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How regulators and legislators make it harder for you to use solar power

Lucas Mearian | Feb. 25, 2015
Legislative efforts to squelch net metering abound

rooftop photovoltaic array
Workers install rooftop photovoltaic panels in Poughkeepsie, N.Y.  Credit: Creative Commons Lic. via Computerworld

When homeowners or businesses install solar panels, state laws ensure utility companies pay for unused power that is routed back into the power grid - a practice known as net metering.

Currently, 43 states and the District of Columbia have implemented net metering policies, some of which are more favorable than others, but all of which turn the power grid into a two-way street.

The cost of rooftop solar-powered electricity will be on par with prices for common fossil-fuel power generation in just two years, and the technology to produce it will only get cheaper, according to Deutsche Bank's leading solar industry analyst, Vishal Shah.

As Americans have warmed to solar power and its ability to reduce electrical bills, utilities are suffering revenue losses and have been seeking ways to recoup that money.

Utilities are leading efforts to reduce net metering benefits
Hawaiian Electric Co. Inc. this year asked the state's Public Utilities Commission to abolish its energy metering policy because customers with photovoltaic panels aren't paying their fair share of maintenance costs.

Indiana legislators are pushing bills to make it more costly for consumers there to go with solar by reducing tax credits awarded for it. Legislation, such as HB1320, introduced by Indiana state Rep. Eric Koch, a Republican, would compel fixed charges on customer bills and reduce tax credits. The bill comes as the solar industry is fighting to get on its feet in the Hoosier state.

Koch, has said the bill's purpose is "to promote and grow net metering." Democratic state Rep. Matt Pierce said the bill "would effectively end net metering" by eliminating the incentive to deploy solar power.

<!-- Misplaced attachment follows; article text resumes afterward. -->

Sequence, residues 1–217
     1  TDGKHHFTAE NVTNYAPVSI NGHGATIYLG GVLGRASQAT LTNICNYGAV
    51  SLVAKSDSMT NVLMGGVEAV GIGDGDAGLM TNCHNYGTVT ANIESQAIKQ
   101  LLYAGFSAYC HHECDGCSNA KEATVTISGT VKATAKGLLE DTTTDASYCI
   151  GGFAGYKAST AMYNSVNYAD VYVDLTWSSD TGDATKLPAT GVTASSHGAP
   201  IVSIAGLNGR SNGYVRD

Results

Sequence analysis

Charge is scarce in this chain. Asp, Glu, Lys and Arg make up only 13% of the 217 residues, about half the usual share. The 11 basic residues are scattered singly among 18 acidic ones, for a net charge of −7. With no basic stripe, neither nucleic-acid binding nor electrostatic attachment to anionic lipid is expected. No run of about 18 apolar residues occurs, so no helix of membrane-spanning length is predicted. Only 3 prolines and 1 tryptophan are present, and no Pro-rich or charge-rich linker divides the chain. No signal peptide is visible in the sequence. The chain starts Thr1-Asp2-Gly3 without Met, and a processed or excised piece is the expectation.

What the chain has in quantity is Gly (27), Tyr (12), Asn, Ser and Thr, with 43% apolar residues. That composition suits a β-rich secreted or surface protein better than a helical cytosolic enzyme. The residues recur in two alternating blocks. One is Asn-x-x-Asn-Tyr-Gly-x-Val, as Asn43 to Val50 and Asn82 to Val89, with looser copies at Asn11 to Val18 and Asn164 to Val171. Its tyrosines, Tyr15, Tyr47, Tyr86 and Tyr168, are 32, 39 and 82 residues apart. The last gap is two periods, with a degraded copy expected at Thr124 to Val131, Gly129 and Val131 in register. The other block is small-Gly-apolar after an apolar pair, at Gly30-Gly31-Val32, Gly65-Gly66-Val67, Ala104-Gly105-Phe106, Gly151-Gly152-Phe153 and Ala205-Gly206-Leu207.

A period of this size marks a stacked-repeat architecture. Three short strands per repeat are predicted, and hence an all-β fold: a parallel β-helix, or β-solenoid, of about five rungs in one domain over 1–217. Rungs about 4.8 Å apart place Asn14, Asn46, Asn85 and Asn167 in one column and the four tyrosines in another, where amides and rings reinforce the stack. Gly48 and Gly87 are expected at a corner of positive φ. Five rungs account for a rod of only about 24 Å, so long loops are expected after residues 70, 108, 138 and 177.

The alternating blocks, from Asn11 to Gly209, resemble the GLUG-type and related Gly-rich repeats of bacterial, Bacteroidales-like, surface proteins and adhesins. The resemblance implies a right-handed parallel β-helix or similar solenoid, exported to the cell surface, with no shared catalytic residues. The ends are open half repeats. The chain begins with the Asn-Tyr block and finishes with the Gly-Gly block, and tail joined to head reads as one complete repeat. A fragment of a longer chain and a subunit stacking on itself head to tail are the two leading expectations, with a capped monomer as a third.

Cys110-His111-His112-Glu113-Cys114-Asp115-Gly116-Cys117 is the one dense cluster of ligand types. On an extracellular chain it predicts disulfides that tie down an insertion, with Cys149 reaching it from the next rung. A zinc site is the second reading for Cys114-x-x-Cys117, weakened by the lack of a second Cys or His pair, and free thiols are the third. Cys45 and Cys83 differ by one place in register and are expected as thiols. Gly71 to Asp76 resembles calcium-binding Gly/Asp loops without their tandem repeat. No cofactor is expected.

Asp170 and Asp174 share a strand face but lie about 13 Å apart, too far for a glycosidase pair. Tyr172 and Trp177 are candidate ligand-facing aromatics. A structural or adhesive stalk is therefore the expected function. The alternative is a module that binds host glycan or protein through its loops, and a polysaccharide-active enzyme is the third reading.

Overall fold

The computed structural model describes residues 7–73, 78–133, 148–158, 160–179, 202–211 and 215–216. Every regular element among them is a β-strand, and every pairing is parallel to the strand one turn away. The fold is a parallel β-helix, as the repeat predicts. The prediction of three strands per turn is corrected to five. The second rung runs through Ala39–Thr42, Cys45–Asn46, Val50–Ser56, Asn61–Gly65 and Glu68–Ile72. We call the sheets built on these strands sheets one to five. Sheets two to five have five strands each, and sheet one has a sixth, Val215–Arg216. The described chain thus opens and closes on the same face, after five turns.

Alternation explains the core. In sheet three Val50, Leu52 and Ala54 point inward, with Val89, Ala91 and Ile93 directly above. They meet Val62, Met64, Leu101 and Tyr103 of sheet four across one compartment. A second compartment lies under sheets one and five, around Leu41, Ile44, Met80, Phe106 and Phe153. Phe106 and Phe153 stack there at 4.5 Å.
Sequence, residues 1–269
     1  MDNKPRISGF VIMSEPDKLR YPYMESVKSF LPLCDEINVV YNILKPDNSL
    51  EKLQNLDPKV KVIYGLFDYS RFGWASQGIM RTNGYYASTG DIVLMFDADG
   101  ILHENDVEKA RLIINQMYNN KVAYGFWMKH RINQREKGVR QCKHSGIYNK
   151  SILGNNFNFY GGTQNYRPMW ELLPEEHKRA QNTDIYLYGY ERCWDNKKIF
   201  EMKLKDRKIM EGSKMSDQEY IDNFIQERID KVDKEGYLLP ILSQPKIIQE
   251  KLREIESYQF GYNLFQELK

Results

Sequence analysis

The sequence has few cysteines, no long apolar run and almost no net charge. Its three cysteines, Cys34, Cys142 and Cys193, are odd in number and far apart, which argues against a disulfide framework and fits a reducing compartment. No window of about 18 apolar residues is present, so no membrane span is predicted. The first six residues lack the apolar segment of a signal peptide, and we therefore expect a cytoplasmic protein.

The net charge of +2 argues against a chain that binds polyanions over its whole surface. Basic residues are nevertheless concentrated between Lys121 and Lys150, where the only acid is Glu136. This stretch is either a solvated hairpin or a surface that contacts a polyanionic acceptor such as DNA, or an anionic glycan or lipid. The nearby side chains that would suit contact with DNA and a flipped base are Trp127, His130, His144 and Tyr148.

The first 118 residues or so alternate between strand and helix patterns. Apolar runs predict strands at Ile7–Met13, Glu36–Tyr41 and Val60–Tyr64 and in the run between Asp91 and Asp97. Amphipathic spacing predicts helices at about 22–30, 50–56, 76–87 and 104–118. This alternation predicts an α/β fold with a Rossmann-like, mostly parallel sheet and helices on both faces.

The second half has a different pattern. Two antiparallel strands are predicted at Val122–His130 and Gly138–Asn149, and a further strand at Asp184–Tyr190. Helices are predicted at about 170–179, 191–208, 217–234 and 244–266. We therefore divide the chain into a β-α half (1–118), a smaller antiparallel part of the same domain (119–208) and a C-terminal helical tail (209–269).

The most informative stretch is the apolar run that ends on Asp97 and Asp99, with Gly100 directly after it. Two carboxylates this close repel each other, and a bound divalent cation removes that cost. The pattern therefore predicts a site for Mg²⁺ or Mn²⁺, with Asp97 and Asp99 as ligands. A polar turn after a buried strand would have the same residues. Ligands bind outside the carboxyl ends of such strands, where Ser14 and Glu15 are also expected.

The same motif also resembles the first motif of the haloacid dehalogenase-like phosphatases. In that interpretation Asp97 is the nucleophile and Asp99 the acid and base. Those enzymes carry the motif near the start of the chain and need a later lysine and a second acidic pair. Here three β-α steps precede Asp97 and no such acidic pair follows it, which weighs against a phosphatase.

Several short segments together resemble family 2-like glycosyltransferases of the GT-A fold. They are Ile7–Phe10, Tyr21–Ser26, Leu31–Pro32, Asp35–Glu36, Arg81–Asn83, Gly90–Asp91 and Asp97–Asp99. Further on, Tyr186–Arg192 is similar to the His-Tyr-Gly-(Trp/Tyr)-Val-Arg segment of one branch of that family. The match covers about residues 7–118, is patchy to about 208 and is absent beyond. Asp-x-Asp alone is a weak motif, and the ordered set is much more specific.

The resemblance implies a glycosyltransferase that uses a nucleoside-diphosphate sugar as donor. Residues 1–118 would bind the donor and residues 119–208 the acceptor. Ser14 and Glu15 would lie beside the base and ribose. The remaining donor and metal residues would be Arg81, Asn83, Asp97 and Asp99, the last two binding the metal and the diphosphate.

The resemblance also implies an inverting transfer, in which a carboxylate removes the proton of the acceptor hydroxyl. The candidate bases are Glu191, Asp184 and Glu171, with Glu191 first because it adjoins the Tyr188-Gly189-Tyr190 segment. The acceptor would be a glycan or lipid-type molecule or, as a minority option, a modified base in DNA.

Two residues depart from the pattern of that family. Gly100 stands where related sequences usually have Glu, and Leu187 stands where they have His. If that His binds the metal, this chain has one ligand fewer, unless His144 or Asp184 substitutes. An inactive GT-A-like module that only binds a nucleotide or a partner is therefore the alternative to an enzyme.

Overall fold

Other states, such as Arizona, California, Hawaii, Idaho, Ohio, New Mexico, Louisiana, and Wisconsin, are discussing or have passed revisions to their net metering policies that would included fixed monthly surcharges for residences and businesses that install solar to make it less competitive with conventional forms energy.

For example, the Arizona Corporation Commission (ACC) -- the state's public utilities authority -- voted to charge $0.70 per kilowatt to solar owners to help offset utility revenue losses associated with the growth of rooftop solar. After legislative pushback, the monthly surcharge was lowered to $7 for a 10KW residential solar system and roughly $5 for the more typical 7KW system.

Last year, the Kansas House Energy Committee passed an anti-net metering bill (HB 2458) that was pushed by two major utilities -- Westar Energy and Kansas City Power & Light.

The bill was eventually amended and was passed by the committee. If made into law, it would allow utilities to pay solar customers using net metering less than the retail rate of electricity. In turn, utilities could use the excess electricity that customers were turning back to them and sell it at the retail rate.


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